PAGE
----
Dialogue and a peace treaty between the US and North Korea are needed to ease tensions on the Korean Peninsula, said Singapore's former foreign minister George Yeo at a forum in South Korea.
He noted that negotiations, should they get off the ground, would be tough. North Korea has made major technological breakthroughs in intercontinental ballistic missile (ICBM) development and reached a position that the US - the North's greatest perceived enemy - might find hard to accept.
Racing to complete its ICBM programme, North Korea has conducted over 30 missile tests since early last year and driven the Trump administration to consider military options for a "maximum pressure and engagement" policy.
At a discussion yesterday at the Jeju Forum, held at the popular tourist destination, Mr Yeo said: "I never believed they would give up their nuclear card. It's the only card they have... the only way to get US attention is to develop ICBM."
A US-North Korea peace pact must be signed so as to ease tensions, he said. The two sides technically remain at war as the 1950-53 Korean War, in which Washington supported Seoul, ended in an armistice. The US, which has troops stationed in the South, will not talk to the North unless it abandons nuclear weapons first.
Mr Yeo was Singapore's top diplomat and trade minister from 1998 to 2008, when South Korea pursued the North-friendly "Sunshine Policy" under liberal presidents Kim Dae Jung and Roh Moo Hyun. In 2008, Mr Yeo became the first Singapore foreign minister to visit Pyongyang.
Just last month, South Koreans elected another liberal president, Mr Moon Jae In, who promises to improve inter-Korea relations after a decade of frosty ties due to the conservatives' hardline policy.
THEIR ONLY CARD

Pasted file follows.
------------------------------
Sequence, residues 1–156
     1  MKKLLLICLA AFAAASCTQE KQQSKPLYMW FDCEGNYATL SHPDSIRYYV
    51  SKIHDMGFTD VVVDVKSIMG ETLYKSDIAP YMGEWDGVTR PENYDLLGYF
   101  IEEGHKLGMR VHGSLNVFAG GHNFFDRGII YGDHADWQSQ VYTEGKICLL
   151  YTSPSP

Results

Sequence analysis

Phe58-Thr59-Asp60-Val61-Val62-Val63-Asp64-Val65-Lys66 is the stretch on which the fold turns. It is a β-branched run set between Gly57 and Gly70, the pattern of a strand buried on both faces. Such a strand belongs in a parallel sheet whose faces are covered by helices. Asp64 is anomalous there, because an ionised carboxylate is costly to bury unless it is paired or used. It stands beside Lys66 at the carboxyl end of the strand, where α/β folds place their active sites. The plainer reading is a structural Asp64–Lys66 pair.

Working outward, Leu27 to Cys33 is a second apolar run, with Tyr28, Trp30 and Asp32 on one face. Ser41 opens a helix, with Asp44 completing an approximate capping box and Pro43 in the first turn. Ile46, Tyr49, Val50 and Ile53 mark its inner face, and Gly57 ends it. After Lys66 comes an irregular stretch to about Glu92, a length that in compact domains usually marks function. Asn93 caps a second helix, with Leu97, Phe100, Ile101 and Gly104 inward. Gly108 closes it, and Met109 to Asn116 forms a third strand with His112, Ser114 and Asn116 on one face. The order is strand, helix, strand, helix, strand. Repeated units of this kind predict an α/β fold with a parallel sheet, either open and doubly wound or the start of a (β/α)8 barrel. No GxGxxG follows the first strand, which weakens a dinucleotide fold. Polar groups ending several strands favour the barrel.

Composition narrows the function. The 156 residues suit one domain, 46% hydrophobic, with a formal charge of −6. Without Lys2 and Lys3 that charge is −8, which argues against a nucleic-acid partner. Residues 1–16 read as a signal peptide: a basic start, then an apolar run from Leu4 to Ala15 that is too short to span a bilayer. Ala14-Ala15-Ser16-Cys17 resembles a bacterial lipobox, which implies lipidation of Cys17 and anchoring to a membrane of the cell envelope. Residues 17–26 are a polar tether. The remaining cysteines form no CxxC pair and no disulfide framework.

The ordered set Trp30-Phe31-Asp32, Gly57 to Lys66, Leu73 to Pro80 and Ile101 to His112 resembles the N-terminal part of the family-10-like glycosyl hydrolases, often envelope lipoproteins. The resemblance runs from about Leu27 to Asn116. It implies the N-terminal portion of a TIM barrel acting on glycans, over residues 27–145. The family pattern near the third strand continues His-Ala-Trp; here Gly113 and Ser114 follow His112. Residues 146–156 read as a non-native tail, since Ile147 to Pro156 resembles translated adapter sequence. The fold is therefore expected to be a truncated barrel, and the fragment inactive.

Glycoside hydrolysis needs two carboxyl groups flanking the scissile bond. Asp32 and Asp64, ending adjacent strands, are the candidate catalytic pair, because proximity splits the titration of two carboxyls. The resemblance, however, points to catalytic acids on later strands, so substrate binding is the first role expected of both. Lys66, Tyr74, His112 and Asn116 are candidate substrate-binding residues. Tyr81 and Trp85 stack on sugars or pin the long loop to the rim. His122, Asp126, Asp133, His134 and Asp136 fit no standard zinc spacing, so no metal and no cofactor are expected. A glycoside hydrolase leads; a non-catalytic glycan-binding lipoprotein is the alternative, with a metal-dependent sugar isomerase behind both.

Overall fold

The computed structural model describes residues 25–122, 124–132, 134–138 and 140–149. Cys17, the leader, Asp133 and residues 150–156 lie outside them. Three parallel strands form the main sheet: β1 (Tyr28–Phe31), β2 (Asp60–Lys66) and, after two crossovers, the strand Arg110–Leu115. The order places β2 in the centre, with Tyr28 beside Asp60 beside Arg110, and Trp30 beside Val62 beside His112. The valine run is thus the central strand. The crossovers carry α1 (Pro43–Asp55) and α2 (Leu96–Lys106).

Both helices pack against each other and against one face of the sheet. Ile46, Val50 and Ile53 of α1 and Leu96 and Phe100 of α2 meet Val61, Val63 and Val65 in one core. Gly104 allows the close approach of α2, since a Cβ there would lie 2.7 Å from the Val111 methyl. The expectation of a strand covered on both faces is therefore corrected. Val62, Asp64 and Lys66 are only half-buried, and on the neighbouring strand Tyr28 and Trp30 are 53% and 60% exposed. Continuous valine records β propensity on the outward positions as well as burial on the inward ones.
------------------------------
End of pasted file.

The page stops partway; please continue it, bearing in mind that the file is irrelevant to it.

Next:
I never believed they would give up their nuclear card. It's the only card they have... the only way to get US attention is to develop ICBM.
MR GEORGE YEO, on North Korea's intercontinental ballistic missile development.
In a video message to the Jeju Forum, Mr Moon said his administration will work with the international community to "bring North Korea out to dialogue through persuasion and pressure".
Into its 12th year, the forum brings together former world leaders, diplomats and academics from 70 countries to address security, climate change and other challenges facing Asia. Speakers include former US vice-president Al Gore.
Mr Yeo, now chairman of Hong Kong freight company Kerry Logistics, recalled several encounters with the North Koreans, including an episode of bird's nest diplomacy.
In August 2007, he gave the tonic to North Korea's former foreign minister Paek Nam Sun, who had diabetes and received dialysis treatment in Singapore during an official visit. When Mr Yeo visited North Korea in 2008, an official recalled the gift and said he shared a cup of bird's nest with Mr Paek before the latter's death in November 2007.
"Before that, I had a view of North Koreans being gruff and tough and very difficult. Then I realised the North Koreans, like the South Koreans, are sentimental people."
Mr Yeo said he was "heartbroken" by the closure of the inter-Korea Kaesong Industrial Complex.
The 2008 Asean Regional Forum in Singapore, he noted, was the "first and so far the last time" that the six-party-talk nations met at foreign minister level. The talk, which aimed to end North Korea's nuclear programme, has since been suspended. "It's been much too long," he said, stressing the need for dialogue with North Korea.